Bike for Bone Marrow Transplant with CycleBar St. Matthews!
Tue, 09/11/2018 - 10:43
cycle bar

Stem cell transplants require patients and their caregivers to stay in Louisville at least 100 days after their treatment, requiring them to stay in hotels or rent apartments for months at a time. This becomes very expensive for patients and their families already dealing with the outstanding costs associated with a cancer diagnosis.

The Bike for Bone Marrow Transplant with CycleBar St. Matthews is a special indoor cycling ride raising funds for UofL James Graham Brown Cancer Center’s Blood and Marrow Transplant (BMT) Program. The cost to ride is a $25 donation, which goes directly to a BMT patient housing fund used to assist patients with housing costs as they recover from a stem cell transplant. 

The event is Saturday, Sept. 29 at 1 p.m. CycleBar St. Matthews is located at 4600 Shelbyville Road, in the Shelbyville Road Plaza near Trader Joe’s. Cycle shoes are provided.

Register for the event ahead of time at:

“We hope to fill all of the bikes so we can raise at least $1,000,” Laura Jones, organizer of the event and a social worker at UofL Brown Cancer Center, said. All proceeds from this ride will go directly to a fund used to assist with BMT patient housing. 

If you are unable to attend the event, you can donate to UofL James Graham Brown Cancer Center online at: 

About Stem Cell Transplant
UofL Brown Cancer Center is one of only two bone marrow transplant centers in the state. As a result, the UofL Brown Cancer Center receives referrals from all over Kentucky for patients with life-threatening blood and marrow cancers. Bone marrow transplant, or stem cell transplant, is a high-risk procedure used to cure or prolong disease-free survival in patients with cancers of the blood and marrow, most commonly leukemia and myeloma.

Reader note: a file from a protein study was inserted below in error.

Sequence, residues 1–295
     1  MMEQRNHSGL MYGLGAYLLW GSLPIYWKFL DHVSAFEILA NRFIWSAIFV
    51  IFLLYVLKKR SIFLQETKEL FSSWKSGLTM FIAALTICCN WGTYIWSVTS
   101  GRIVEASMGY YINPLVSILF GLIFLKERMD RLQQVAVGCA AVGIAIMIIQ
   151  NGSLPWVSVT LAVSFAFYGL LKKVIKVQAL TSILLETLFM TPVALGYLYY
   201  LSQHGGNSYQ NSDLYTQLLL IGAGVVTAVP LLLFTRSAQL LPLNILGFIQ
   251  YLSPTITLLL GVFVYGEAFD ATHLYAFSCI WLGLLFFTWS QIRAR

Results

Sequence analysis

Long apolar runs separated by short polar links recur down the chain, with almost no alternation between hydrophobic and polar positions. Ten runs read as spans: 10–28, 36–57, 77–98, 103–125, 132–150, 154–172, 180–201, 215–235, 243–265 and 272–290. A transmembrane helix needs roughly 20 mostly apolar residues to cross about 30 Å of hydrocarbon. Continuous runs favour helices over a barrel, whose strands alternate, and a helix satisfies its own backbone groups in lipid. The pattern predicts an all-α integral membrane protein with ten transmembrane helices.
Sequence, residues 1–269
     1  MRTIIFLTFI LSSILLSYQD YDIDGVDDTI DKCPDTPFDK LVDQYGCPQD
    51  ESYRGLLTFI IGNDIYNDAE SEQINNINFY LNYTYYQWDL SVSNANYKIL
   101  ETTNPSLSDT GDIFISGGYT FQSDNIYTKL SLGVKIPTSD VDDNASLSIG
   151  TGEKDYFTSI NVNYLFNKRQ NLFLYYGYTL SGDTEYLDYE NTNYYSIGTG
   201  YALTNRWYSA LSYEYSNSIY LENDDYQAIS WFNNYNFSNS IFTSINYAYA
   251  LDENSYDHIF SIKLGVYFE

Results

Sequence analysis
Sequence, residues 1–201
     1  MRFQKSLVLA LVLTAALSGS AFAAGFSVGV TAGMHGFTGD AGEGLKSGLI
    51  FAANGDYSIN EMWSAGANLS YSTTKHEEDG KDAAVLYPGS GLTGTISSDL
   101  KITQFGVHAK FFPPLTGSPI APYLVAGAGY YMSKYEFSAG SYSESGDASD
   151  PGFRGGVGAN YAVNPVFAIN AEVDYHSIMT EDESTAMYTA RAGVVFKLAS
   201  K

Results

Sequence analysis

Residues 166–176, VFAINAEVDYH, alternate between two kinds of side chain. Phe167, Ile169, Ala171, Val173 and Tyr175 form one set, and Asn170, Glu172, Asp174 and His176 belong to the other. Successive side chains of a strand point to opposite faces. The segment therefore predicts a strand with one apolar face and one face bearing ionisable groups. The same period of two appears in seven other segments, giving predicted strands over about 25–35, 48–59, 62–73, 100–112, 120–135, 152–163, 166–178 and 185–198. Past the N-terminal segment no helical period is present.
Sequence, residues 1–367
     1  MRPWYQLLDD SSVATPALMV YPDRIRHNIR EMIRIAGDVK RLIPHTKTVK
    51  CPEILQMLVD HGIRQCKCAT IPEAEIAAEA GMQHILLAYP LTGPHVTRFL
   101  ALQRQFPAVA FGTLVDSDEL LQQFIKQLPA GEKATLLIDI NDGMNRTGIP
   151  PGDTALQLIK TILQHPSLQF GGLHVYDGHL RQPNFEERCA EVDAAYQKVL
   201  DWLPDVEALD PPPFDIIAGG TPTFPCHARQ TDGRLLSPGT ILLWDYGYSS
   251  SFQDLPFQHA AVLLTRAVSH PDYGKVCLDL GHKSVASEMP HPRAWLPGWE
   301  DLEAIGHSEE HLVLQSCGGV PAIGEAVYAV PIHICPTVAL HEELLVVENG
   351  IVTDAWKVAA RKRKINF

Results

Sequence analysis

The process of stem cell transplantation involves a long hospital stay in which patients receive high dose chemotherapy, used to essentially “wipe out” their immune systems. Patients then receive stem cells, either from their own peripheral blood or a donor, to assist in recovery and help the production of new and healthy blood cells. 

Due to the risks involved with transplant, which include increased susceptibility to infection, graft versus host disease, and death, patients and their caregivers are required to stay in the Louisville area for at least 100 days after their treatment. UofL Brown Cancer Center treats many patients who live hours away from Louisville, and many are required to stay in hotels or rent apartments for months at a time.